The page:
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Maurice de VLAMINCK (1876-1958) is considered to be the founder of the fauvist movement, one of the first artists who brought African Art to the attention of the public and a loyal follower of Paul Cézanne. The first years of his career are separated into two distinct periods that translate into two volumes prepared under the direction of Maïthé Vallès-Bled. The first volume, published in May 2008, is dedicated to his fauve period of 1900-1907 and comprises 211 paintings as well as 148 ceramics. The second volume pertaining to his Cézanne period, which extends into 1916, will include close to one thousand works. After World War I, Vlaminck turned toward a more classical aesthetic while continuing to paint his favorite themes: landscapes and still lifes. In 1925, he moved close to Chartres where, surrounded by his family, he continued to paint until his death.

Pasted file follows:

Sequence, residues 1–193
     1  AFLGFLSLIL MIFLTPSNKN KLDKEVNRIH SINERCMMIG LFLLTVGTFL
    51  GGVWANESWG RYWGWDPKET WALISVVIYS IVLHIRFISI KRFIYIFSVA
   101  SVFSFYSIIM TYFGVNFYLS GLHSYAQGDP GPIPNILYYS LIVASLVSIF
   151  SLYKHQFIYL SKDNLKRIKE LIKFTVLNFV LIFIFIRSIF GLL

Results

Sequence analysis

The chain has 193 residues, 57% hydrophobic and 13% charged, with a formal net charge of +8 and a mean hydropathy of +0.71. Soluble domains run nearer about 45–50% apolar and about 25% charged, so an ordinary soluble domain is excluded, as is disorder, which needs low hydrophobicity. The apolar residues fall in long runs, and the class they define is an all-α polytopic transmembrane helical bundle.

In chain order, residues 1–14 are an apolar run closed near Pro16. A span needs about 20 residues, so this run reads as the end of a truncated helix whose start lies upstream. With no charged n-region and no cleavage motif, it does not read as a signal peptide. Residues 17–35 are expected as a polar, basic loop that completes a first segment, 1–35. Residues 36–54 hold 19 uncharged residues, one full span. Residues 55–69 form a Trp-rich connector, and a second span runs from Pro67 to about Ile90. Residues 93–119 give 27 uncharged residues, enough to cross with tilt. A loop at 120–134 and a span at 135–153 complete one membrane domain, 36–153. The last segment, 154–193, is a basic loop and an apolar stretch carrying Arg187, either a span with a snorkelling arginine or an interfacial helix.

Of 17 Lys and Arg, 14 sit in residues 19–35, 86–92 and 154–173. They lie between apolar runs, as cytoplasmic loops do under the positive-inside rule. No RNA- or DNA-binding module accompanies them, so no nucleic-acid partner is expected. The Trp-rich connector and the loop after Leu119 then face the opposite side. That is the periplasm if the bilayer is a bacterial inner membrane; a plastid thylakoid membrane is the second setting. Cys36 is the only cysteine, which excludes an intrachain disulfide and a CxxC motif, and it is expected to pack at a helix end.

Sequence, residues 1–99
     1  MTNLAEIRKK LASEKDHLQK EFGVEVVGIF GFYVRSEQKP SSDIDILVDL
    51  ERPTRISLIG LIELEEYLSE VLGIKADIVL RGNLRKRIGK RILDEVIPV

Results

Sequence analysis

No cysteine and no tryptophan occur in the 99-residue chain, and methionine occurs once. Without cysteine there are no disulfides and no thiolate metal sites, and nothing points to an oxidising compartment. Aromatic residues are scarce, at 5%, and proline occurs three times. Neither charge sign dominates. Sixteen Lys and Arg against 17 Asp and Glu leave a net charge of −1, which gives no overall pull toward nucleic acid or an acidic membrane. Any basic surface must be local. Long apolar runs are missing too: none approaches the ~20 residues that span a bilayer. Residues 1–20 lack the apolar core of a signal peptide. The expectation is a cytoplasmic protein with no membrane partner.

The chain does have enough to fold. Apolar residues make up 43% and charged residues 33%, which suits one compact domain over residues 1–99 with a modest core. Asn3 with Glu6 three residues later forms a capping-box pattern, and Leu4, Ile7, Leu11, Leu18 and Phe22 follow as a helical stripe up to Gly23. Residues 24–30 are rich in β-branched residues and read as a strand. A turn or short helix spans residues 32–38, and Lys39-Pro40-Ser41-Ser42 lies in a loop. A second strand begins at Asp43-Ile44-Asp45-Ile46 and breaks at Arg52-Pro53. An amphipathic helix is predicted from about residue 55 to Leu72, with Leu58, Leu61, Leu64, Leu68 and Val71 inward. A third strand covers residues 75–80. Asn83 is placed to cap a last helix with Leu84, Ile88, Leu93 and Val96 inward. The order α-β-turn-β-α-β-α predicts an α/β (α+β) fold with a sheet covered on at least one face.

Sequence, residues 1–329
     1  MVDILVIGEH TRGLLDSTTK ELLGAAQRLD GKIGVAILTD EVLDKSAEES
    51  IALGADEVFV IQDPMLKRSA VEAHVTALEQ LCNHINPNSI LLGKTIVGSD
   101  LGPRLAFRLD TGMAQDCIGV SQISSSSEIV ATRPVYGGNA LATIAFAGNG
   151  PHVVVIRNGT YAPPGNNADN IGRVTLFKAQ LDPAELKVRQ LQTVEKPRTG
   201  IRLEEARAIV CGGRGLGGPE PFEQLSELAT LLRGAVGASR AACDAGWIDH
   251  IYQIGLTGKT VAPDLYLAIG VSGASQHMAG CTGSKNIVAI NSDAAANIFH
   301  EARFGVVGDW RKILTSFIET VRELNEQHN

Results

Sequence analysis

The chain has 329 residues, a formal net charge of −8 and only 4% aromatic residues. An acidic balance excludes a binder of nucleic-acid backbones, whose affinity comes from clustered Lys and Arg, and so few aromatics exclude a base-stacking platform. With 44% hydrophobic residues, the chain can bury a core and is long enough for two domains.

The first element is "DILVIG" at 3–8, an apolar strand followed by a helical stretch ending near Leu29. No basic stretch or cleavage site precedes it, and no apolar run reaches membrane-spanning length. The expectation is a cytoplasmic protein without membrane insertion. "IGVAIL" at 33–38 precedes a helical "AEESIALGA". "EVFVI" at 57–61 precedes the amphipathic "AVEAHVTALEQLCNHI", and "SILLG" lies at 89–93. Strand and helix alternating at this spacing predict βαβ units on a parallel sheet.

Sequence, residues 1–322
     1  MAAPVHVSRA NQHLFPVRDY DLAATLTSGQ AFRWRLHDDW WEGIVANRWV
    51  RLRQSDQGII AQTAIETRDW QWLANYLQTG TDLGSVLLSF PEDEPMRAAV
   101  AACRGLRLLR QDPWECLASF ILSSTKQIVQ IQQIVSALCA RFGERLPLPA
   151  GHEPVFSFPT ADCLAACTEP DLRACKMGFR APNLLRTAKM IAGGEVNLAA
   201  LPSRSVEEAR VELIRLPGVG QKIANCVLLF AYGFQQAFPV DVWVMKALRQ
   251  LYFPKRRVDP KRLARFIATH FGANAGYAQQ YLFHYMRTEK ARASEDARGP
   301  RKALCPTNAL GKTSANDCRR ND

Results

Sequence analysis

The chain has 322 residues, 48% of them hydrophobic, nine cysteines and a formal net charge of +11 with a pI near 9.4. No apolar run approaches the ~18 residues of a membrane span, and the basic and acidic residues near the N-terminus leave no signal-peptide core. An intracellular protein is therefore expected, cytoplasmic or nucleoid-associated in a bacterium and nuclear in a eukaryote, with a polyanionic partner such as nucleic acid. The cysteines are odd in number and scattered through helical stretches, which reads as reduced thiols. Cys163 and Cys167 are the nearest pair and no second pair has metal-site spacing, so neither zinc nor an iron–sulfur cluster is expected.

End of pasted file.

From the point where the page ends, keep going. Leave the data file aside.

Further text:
Wildenstein Institute, Maïthé VALLÈS-BLED, Vlaminck. Catalogue critique des peintures et céramiques de la période fauve. Critical Catalogue of the Fauve period (Paintings and Ceramics).
Recherches et documentation / Research and documentation Pascale Krausz, Françoise Marnoni, Annie Champié.
Paris, Wildenstein Institute Publications, 2008.
Size 25 x 30 cm, 1 boxed volume, 600 p., 350 color illustrations, 150 black and white photographs.

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